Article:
Bacterial decomposition of organic matter in soils is generally believed to be mainly controlled by the accessibility of bacteria to their substrate. The influence of bacterial metabolic traits on this control has however received little attention in highly heterogeneous spatial conditions under advective-dispersive transport of bacteria and substrates. Here, we develop a biochemical transport model to screen the interactive impacts of dispersion and metabolic traits on mineralization. We compare the model results with two sets of previously performed cm-scale soil-core experiments in which the mineralization of the pesticide 2,4-D was measured under well-controlled initial distributions and transport conditions. Bacterial dispersion away from the source of substrate induced a significant increase in 2,4-D mineralization, revealing the existence of a control of decomposition by the bacterial density, in addition to the accessibility to the substrate. This regulation of degradation by density becomes dominant for bacteria with an efficient uptake of substrate at low substrate concentrations (i.e. oligotrophs). The model output suggests that the distance between bacteria adapted to oligotrophic environments is a stronger regulator of degradation than the distance between substrate source and these bacteria. Such oligotrophs, commonly found in soils, compete with each other for substrate even under remarkably low population densities. The ratio-dependent Contois growth model, which includes a density regulation in the expression of the uptake efficiency, appears more versatile and accurate than the substrate-dependent Monod model. In view of their strong interactions, biochemical and transport processes cannot be handled independently but should be integrated, in particular when biochemical processes of interest are carried out by oligotrophs.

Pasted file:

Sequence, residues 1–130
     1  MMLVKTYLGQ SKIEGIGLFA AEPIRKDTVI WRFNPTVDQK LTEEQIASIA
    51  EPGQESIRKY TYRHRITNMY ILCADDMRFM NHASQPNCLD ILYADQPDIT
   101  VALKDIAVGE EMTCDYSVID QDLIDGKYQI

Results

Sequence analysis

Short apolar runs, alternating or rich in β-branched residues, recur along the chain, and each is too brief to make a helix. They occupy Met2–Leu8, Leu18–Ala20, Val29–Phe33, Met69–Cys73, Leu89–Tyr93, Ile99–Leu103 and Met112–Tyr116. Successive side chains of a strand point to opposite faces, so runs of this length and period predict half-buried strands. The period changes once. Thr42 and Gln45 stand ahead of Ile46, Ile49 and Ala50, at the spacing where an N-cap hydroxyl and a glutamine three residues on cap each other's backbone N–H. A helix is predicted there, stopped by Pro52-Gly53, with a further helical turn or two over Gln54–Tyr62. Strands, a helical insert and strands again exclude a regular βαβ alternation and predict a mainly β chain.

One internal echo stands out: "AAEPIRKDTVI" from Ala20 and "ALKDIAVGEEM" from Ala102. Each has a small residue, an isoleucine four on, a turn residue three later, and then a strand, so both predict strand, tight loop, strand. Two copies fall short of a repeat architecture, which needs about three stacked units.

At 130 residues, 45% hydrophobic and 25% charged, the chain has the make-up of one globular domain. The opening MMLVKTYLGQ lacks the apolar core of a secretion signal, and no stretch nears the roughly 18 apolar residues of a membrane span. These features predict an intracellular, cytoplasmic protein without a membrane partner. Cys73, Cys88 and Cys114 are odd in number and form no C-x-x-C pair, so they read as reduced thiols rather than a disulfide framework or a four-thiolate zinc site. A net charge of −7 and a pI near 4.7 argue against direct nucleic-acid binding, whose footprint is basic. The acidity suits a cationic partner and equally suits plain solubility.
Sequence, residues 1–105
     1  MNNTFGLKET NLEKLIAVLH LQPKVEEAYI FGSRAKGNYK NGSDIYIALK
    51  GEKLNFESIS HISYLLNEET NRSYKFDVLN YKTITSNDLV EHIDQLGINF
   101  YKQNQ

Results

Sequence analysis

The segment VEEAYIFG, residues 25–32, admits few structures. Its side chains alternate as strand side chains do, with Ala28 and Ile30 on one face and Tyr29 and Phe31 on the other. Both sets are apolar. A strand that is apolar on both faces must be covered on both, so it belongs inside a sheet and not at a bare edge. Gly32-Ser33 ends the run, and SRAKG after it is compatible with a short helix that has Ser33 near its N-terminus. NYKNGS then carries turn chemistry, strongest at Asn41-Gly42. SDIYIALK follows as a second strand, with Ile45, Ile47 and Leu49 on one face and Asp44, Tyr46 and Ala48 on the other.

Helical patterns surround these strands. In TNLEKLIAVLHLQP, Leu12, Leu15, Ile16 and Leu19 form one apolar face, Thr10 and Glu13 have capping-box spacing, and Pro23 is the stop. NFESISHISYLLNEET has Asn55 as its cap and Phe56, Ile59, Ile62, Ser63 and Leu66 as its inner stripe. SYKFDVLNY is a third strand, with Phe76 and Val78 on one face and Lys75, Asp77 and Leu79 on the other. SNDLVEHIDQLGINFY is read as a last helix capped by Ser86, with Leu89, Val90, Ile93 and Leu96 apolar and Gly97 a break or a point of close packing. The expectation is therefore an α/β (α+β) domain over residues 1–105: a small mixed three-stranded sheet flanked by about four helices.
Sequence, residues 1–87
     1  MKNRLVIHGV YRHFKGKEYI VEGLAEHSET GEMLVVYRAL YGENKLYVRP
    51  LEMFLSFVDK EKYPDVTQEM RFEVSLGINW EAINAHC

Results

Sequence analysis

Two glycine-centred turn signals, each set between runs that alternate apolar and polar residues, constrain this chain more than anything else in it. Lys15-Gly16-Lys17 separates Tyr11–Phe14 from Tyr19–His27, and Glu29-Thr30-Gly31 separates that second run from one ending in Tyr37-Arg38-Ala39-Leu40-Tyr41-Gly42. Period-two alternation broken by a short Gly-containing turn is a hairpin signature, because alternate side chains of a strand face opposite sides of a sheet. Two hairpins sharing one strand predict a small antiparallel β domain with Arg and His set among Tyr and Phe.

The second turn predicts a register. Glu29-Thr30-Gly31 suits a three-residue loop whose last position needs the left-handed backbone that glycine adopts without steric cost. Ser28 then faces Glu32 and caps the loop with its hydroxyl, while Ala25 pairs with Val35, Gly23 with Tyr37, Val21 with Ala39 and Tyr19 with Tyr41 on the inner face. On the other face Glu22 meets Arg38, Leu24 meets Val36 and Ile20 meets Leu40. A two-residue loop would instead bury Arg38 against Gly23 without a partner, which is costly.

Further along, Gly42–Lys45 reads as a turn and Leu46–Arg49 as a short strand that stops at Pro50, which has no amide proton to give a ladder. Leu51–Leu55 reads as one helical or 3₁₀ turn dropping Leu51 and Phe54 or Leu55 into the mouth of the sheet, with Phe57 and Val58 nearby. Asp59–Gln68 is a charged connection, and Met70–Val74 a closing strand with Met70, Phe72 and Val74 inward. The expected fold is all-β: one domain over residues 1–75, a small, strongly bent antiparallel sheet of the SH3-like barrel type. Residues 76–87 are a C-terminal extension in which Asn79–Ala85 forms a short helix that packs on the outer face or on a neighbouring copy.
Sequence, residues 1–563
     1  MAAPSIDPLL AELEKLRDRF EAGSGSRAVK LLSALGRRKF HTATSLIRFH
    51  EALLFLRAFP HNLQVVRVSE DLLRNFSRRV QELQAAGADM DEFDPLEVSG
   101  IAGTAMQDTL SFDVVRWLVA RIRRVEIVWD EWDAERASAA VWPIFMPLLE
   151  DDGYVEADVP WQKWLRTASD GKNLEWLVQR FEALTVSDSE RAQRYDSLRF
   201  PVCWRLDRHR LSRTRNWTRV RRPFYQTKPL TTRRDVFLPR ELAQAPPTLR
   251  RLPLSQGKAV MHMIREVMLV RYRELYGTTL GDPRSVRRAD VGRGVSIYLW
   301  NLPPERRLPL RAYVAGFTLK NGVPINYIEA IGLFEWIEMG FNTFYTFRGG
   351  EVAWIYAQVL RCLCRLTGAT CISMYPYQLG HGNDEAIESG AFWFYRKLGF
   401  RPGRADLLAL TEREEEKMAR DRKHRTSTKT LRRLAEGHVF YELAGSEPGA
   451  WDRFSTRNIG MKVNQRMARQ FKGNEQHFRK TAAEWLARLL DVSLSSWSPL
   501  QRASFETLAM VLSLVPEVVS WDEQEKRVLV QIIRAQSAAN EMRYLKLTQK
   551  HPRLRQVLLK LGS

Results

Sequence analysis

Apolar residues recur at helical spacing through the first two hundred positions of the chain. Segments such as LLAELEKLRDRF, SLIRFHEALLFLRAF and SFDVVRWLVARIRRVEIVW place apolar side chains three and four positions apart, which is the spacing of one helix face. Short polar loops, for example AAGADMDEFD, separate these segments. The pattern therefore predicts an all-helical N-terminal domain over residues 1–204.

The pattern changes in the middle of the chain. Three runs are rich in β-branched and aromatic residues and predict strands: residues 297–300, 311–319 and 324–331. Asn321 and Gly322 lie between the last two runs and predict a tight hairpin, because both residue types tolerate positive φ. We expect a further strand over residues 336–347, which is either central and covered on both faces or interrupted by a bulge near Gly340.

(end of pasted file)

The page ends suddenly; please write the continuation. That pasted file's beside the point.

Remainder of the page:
Historical biogeographic events such as mountain orogeny are associated with the creation of environmental gradients, giving rise to the assembly of communities of species observed today. However, key gaps remain in our understanding of the relative importance of different eco-evolutionary processes acting as drivers of community assembly across environmental gradients. In this study, we test two non-exclusive hypotheses of the eco-evolutionary processes that shape tree communities across the Central Andean elevational gradient: Communities are assembled via 1) immigration and ecological sorting of pre-adapted clades, and 2) recent adaptive diversification along the elevational gradient. We used species surveys in the Bolivian and Peruvian Andes and a novel phylogenetic framework to test the relative importance of these hypotheses. Although adaptive diversification has previously been observed in specific clades, immigration and sorting of clades pre-adapted to montane habitats is the primary mechanism shaping communities across elevations.